Is a controversial UCG project a lifeline for a dying town or an environmental hazard?


November 01, 2018 18:43:13

The small South Australian community of Leigh Creek has been split by a controversial new energy project that could either save the town or prove to be an environmental hazard, depending on who you talk to.

Some fear an environmental disaster, pointing to problems that occurred with a similar gas project in Chinchilla in Queensland between 2007 and 2013.

“My biggest fear is we’re going to end up in a situation where it’s not safe to live here,” opponent Carrie-ann Smith told 7.30.

But local service station operator Breyten Ward is keen for the project to go ahead.

“It could get back to what it was in the ’80s, you know,” he told 7.30.

“Potentially it’d be great.”

UCG’s troubled history

At its peak in the mid-1980s, Leigh Creek had a population of about 2,500.

Today, after the nearby coal mine and town’s life blood closed three years ago, there are fewer than 200 people left.

Now a company called Leigh Creek Energy wants to extract gas from the old coal mine, using a technique called underground coal gasification (UCG).

With UCG, coal deep underground is ignited, releasing carbon monoxide, carbon dioxide and hydrogen.

The gas mixture brought to the surface is known as syngas.

A trial is underway at the Leigh Creek site but UCG has a problematic history.

Earlier this year, a company called Linc Energy was found guilty of causing wilful and unlawful serious environmental harm at Chinchilla on Queensland’s Darling Downs.

The court found the company, which used UCG, allowed toxic gases, tars and oils to escape into the soil, groundwater and air.

Linc Energy was fined $4.5 million.

Queensland’s former environment minister, Steven Miles, described Chinchilla as the “biggest pollution event” in the state’s history.

UCG is now banned in Queensland.

Opponents ‘misinformed’

Leigh Creek Energy chairman Justyn Peters said the Chinchilla incident had unfairly tarnished the reputation of UCG.

“I can understand about people being afraid but I think that’s largely because they’ve been misinformed,” he told 7.30.

Mr Peters used to be the general manager of government and environmental affairs at Linc Energy.

He said Linc Energy was a “great company”.

“I don’t believe there is environmental damage caused at Chinchilla,” he said.

While Mr Peters was not involved in any way in the proceedings against Linc Energy, The Greens and other opponents of the South Australian UCG trial have raised Mr Peters’ connection to Linc Energy in Queensland as a concern.

But he argued that because the company was in liquidation, the accusations against Linc Energy were never challenged in court.

“I find it interesting that it’s a case where there was no defendant and it’s a case where the evidence of the prosecution was never tested,” he said.

“I find it offensive that people sit there and make a connection between my role at Linc Energy and the role here.”

Report ‘downplays’ UCG risk

The South Australian UCG trial site is close to the Leigh Creek township and another outback town, Copley.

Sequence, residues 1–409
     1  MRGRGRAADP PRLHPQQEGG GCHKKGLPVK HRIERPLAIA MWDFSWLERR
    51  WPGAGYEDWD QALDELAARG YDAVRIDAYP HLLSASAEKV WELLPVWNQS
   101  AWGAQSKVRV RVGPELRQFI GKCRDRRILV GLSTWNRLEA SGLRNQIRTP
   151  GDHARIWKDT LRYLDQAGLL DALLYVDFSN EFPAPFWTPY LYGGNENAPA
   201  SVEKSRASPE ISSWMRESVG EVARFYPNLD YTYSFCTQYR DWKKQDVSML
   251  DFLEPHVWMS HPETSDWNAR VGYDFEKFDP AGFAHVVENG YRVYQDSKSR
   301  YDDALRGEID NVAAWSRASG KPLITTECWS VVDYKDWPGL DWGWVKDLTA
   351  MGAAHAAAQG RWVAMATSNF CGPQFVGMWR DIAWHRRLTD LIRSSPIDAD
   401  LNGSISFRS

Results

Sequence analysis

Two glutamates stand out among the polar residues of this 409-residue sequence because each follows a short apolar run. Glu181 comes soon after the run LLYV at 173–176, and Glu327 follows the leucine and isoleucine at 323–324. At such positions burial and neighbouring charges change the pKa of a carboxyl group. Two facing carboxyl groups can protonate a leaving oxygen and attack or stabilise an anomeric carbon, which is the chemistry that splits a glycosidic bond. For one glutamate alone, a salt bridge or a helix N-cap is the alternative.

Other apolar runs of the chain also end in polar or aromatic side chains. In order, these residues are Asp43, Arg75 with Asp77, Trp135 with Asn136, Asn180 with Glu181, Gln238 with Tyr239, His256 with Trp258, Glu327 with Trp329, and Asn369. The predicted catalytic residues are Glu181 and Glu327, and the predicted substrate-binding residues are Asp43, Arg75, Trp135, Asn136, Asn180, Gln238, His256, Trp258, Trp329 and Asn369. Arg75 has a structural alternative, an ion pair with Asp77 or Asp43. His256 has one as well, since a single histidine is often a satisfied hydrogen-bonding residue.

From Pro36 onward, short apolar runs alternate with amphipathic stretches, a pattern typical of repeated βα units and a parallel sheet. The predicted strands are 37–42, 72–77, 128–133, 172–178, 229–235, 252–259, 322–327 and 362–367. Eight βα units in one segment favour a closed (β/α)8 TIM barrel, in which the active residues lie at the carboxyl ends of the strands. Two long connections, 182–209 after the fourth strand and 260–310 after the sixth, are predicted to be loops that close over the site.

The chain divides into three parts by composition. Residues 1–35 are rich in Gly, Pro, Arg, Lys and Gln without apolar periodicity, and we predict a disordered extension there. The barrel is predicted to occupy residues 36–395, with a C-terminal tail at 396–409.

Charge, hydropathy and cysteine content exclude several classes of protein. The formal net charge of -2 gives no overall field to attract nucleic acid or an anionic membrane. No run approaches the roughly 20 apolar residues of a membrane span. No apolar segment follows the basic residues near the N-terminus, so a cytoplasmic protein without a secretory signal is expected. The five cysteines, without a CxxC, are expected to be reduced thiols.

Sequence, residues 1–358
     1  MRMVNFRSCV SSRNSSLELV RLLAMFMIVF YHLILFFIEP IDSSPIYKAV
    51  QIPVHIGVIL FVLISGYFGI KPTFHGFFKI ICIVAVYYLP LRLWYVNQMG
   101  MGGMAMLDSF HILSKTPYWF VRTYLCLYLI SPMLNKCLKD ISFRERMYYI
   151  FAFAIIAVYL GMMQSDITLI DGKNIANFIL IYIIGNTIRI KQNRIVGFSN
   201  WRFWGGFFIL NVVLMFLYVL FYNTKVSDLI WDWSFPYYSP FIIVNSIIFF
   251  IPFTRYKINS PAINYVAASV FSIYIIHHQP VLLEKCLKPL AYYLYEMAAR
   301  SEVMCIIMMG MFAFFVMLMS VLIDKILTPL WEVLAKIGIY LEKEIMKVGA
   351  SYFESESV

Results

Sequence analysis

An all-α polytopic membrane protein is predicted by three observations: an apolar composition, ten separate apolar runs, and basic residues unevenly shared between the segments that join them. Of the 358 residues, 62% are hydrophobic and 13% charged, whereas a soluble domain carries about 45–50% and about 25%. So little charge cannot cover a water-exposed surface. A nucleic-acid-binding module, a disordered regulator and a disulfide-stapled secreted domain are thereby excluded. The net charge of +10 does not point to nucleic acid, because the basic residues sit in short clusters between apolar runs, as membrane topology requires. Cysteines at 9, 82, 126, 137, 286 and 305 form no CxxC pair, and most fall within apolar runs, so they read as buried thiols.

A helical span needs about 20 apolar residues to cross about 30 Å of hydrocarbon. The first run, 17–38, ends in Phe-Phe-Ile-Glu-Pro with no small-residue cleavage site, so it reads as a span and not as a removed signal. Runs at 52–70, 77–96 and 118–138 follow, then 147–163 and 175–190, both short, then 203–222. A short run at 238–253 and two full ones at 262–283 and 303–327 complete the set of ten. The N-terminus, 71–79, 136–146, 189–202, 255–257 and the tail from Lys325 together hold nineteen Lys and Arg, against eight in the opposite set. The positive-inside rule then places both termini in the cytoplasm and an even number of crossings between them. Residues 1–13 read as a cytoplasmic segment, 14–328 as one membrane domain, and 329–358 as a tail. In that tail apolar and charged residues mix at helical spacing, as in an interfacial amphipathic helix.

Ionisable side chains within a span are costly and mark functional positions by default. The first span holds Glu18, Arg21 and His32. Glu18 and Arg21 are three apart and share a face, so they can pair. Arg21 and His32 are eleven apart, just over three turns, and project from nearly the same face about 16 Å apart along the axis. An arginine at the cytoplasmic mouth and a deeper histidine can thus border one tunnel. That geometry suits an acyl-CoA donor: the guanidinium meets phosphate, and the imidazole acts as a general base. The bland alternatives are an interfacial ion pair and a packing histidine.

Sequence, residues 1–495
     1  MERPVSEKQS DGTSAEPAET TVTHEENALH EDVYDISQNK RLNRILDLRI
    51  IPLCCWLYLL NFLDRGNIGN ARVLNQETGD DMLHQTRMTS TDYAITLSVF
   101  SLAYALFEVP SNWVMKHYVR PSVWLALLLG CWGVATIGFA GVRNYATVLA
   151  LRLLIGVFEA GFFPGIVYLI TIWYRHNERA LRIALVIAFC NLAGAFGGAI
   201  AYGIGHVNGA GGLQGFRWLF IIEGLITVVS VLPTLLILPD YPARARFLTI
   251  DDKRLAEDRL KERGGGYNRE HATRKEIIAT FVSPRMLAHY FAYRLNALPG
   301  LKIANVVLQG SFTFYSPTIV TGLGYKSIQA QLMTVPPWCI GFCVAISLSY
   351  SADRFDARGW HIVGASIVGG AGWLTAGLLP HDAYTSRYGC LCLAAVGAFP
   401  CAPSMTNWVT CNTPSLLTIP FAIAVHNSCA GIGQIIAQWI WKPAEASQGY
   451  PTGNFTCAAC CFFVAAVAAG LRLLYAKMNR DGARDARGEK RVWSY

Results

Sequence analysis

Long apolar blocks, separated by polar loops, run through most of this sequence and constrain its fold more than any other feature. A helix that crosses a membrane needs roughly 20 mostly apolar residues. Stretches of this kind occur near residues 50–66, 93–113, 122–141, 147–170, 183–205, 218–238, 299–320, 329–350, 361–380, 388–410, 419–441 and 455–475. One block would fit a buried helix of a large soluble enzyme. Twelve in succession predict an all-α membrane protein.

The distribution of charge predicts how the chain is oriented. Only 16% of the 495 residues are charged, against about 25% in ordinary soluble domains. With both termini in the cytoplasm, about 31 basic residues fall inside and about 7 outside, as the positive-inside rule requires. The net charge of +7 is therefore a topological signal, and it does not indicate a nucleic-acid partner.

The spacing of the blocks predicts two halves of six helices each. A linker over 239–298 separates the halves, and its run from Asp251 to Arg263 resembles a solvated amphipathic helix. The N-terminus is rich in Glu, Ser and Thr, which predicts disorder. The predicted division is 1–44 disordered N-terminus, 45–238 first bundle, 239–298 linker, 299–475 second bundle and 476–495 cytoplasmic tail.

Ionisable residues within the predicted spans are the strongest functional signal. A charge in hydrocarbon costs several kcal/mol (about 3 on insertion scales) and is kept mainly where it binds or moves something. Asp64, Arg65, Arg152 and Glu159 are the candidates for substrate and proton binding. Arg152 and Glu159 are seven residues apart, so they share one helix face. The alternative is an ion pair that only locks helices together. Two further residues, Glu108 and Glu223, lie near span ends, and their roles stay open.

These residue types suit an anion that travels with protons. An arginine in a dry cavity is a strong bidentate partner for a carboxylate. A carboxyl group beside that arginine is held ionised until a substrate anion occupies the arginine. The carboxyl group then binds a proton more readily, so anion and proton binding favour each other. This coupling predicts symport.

Carrie-ann Smith was one of a group of residents who asked hydro-geologists from RMIT in Melbourne to review the local project’s environmental assessment report.

The hydro-geologists argued the environmental assessment report downplayed the risks.

“I would sum up UCG as being a very experimental technology, a technology for which there aren’t enough experts or information about, not enough to feel comfortable with it going ahead as a medium-risk project,” she said.

“Leigh Creek Energy project’s environmental impact report is highly optimistic.

“It uses the word ‘likely’ way too many times for us to feel reassured that this project has gone through the rigour to make us feel safe.”

Mr Peters said those views were “wrong” and that because of the Chinchilla experience, the South Australian Government had put it under extraordinary scrutiny before approving the local UCG trial.

He said the company had big plans and could use the UCG for power generation or making fertiliser, possibly creating hundreds of jobs.

“I find it very frustrating but we have to bide our time,” he said.

“We have to keep working to show that we’re safe, we have to keep working to prove it up, we have to keep working to raise funds but I know we’ll get there.”

‘We’ve got to do whatever we can to protect the land’

The Adnyamathanha people, who hold native title around Leigh Creek, recently failed in a court bid to stop the project.

Vince Coulthard from the Adnyamathanha Traditional Lands Association said the area had significant cultural heritage.

In the dreaming story, Yurlu started a fire which created the coal at Leigh Creek.

“There’s an opportunity, a small window of opportunity, for our people to start putting healing back into the Yurlu’s storyline by rehabilitating the mine area and that’s what my people want to do,” he told 7.30.

“What might be a desert, semi-desert area, it still has beauty, native flora and fauna that’s important to the whole ecosystem out here.

“We’ve got to do whatever we can to protect it.”

Breyten Ward thinks it’s too late for that.

“We’ve had a coal mine here for 50 to 60 years … it’s pretty ordinary out there,” he said.

“The damage out there has already been done.

“My mind’s open with it, you know, it won’t go ahead if it’s going to hurt anyone.

“The company don’t want to do that, I don’t want to see that happen.”












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